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Multifamily in transition: The future of the ILS

Ask Rent.com, Callsource, Lead Tracking Solutions, Vaultware, RentWiki, and MyNewPlace what the past year has been like. Mergers, acquisitions, and rebranding have been the theme. The top of the sales funnel has never seen such turmoil before.Multifamily's change

Change.

It's a sign of evolution within the industry. RentWiki represents a good case study. Back in 2009, their mission was to try to get residents to engage with each other and share their experiences. It's a good concept. The problem? Residents and prospects aren't passionate about apartments. Apartments are boring. RentWiki has noticed the shift to ratings and reviews and are rebranding themselves as RentAdvisor soon.

So what do people want then?

When shopping around, they want to read comments from other people who have lived at a community. They want to hear their experiences, and get crucial decision making feedback. The evidence for this is compelling. According to the "Getting Inside the Head of the Online Renter" survey from 30 lines and Satisfacts conducted late in 2011, the #2 source used during an apartment search isn't Rent.com, your website, Craigslist, Apartments.com, MyNewPlace, or BSitko.com but word of mouth. Where does Facebook rank for sourcing? It's used only 1% of the time - that's down by the way from 2010. Even in that sweet 18-24 age bracket, Facebook is not a place people go to find an apartment. 79% of all respondents in the survey used an ILS to find information about an apartment, 13% used a social media networking site. The key then is not to get people to find you on Facebook but to utilize the power and reach of Facebook to help them find you.

Using the power of word of mouthRentMineOnline has some success doing this but they are lacking a key component. They aren't an ILS (and would tell you they aren't trying to be). For RMO to work, property management companies must get their message started and hope people continue to share it. This is certainly great for resident referrals but what if you don't know anyone that lives there? 

Facebook is the largest social networking site on the internet with well over 800 million users. There's no better channel to get people talking. Apartments are boring conversation pieces but word of mouth has been proven to be the most effective source for finding one. It's high time we find a better way to utilize it.

Newest generation of the ILS

Yield Technologies, creators of RentSentinel, fired the first shot in the changing world of the ILS. Called a Social Renting Site, RentSocial is more than just apartment listings. According to Andy Hamilton, Chief Technology Officer for Yield Technologies: "We don’t simply provide apartment listings. We do quite a bit more than that. RentSocial is a mashup of: Apartment Listings; Ratings & Reviews; Resident Experience (pay rent and maintenance requests); and Social (meet your neighbors, share your searches, message your friends, etc…)" It's a slick site and although it will take patience and time to try to break into the ILS dominated world of the organic Google front page, this model is the next generation. Here you can get recommendations from your friends using the power of Facebook and can read reviews by verified residents. ApartmentGuide has also released a deep Facebook integration where prospects can see what their friends are saying. Reviews and recommendations from friends and non-anonymous residents. That is where you're going to see the biggest evolutions in the years to come.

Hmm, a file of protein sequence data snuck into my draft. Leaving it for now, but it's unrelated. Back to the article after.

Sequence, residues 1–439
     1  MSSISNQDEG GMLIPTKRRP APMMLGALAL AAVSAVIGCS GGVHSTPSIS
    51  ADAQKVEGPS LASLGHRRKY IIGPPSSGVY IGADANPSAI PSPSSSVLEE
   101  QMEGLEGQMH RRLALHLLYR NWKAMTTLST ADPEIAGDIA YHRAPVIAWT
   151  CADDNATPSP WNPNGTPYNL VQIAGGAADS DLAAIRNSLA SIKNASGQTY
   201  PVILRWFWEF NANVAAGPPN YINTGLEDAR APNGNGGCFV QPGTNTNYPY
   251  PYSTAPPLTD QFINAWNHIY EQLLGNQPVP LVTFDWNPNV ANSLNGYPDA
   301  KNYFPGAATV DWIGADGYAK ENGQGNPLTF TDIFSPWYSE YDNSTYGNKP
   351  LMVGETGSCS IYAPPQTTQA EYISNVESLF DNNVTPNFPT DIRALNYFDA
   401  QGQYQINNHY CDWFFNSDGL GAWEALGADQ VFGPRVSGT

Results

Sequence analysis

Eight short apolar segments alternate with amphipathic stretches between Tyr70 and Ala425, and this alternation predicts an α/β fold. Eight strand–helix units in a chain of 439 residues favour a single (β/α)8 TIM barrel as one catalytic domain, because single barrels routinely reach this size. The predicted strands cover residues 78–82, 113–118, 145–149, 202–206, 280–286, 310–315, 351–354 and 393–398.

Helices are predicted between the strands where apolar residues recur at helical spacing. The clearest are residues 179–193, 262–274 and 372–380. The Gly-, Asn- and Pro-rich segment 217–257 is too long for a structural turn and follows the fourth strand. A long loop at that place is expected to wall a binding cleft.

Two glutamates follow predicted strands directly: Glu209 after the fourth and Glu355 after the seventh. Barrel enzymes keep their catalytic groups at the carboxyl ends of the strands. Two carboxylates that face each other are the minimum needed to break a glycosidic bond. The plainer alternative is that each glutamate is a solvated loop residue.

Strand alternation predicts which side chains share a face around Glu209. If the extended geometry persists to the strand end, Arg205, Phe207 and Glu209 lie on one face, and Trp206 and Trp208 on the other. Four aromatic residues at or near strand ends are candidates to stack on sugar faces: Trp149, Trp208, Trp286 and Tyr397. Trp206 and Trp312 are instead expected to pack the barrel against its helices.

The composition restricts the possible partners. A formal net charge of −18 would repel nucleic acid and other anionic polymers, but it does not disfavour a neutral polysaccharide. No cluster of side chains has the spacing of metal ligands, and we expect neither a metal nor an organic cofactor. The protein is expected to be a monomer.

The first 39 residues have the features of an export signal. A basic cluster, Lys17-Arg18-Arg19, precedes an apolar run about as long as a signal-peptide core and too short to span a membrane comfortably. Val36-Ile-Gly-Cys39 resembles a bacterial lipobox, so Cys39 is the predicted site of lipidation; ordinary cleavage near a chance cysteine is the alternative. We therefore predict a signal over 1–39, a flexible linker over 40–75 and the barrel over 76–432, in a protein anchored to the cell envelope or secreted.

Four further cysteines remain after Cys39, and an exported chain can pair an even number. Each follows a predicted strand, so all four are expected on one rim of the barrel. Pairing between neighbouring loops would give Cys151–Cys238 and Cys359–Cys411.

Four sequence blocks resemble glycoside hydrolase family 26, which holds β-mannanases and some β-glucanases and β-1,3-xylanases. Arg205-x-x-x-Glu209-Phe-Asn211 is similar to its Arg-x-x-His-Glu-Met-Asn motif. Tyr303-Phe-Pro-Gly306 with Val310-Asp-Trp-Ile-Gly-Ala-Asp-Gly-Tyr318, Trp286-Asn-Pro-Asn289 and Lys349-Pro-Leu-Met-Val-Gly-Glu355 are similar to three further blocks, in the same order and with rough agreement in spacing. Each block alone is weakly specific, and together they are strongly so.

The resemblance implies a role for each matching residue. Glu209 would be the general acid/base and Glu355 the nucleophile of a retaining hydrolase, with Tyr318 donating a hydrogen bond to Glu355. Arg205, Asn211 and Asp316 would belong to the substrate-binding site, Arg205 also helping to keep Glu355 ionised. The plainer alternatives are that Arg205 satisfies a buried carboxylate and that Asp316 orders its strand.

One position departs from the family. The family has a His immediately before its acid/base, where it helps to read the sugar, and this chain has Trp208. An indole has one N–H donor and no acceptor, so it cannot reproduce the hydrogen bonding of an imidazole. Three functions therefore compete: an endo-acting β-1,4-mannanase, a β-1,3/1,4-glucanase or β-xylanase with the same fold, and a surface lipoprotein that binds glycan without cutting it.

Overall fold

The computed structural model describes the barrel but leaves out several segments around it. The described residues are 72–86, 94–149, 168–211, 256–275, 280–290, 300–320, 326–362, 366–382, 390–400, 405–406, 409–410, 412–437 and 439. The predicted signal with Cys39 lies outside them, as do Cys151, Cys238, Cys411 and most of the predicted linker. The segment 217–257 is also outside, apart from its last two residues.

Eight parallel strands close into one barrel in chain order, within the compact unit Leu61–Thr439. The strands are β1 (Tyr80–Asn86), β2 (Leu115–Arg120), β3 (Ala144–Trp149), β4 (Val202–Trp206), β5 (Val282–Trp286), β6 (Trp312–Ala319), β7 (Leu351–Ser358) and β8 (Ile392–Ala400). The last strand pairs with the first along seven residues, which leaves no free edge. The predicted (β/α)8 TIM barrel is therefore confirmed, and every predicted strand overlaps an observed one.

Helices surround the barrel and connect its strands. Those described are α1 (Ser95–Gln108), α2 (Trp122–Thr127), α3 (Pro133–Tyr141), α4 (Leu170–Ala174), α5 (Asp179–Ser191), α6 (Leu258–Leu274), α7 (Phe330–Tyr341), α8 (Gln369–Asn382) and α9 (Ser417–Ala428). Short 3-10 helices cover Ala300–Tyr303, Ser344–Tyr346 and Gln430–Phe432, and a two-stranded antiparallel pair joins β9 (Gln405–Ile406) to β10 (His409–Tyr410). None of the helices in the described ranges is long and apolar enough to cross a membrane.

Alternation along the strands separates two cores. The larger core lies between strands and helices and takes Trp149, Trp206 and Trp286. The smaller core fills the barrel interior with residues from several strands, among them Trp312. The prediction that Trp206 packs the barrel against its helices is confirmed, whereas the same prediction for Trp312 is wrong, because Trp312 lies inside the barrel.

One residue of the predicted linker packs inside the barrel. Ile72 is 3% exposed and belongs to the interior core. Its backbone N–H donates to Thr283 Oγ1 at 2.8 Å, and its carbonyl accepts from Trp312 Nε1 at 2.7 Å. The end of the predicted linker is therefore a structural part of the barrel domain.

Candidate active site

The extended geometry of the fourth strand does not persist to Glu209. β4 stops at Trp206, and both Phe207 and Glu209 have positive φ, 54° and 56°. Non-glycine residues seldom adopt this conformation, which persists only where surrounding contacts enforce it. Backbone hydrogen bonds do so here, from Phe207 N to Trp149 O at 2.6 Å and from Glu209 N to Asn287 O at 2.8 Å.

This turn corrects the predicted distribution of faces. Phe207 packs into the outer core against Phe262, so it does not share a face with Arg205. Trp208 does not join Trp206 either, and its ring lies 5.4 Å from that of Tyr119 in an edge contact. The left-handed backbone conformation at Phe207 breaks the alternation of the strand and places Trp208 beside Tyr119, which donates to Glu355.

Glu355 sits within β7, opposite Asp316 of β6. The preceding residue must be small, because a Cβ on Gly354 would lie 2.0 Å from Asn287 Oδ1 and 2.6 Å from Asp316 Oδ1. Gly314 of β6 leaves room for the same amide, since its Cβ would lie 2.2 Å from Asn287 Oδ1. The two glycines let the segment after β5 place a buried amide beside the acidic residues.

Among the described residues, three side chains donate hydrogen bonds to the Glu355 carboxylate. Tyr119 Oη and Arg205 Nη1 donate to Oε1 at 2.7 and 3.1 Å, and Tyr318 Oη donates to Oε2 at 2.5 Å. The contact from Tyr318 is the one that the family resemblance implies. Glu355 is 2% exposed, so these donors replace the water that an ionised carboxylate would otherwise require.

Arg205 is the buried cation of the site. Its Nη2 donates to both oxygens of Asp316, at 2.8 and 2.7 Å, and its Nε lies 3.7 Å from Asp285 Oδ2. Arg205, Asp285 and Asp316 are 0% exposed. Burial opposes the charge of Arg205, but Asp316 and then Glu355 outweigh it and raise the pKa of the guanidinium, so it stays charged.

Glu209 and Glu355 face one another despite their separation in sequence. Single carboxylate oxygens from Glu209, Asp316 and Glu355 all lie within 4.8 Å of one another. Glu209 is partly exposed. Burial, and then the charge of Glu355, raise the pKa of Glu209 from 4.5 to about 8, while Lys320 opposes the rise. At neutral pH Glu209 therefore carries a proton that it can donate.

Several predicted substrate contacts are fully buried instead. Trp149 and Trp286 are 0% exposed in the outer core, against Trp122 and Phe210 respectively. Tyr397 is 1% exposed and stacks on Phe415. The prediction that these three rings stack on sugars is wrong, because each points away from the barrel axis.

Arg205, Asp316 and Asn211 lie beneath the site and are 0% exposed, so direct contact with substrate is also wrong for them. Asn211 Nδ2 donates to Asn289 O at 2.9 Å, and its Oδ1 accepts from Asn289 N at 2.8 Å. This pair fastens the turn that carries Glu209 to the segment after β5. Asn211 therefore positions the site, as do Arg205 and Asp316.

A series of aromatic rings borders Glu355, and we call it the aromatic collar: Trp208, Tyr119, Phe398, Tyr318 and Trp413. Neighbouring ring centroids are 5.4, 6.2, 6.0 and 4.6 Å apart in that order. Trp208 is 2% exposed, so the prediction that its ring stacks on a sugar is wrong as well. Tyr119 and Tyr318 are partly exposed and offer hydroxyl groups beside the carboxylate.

51% of apartment hunters find out information about your community from a review site. We, of course, still loath the anonymous rants posted on ApartmentRatings.com. Lots of prospects are also turning to Yelp for reviews mainly because people must have an actual account to post. Either way you look at it, reviews are here to stay. The ILS of the future is one that can eventually turn a search engine query into a listing view where a prospect can see a branded property page, a friends recommendation while reading a review from a resident, without having to go elsewhere. 

Computers are connecting people better than ever before but the tried and true ways of getting people to rent are still the most effective. Hopefully things will continue to evolve to better tap into it.

Happy renting everyone.

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This comment was minimized by the moderator on the site

I find this post refreshing. Thanks for addressing the elephant on the table.

  Stephanie Gonzalez
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I agree with this article 100% My property is very small and 100% rated on Apartment Ratings.com. I get people more and more frequently telling me they saw our rating and came to check us out. That doesn't mean they rented, however.

What one person likes, may not be what someone else likes. For instance, I might be 100% recommended, but I don't have any A property amenities. I think some people will see a high rating and expect to get all of the bells and whistles when they show up.

I only have a nice, small community in a prime location with a picnic area. They are older and don't have the granite countertops or stainless appliances. So, I really think some have been disappointed when they show up to see this "high rated property." What they can't see is how well I take care of my residents.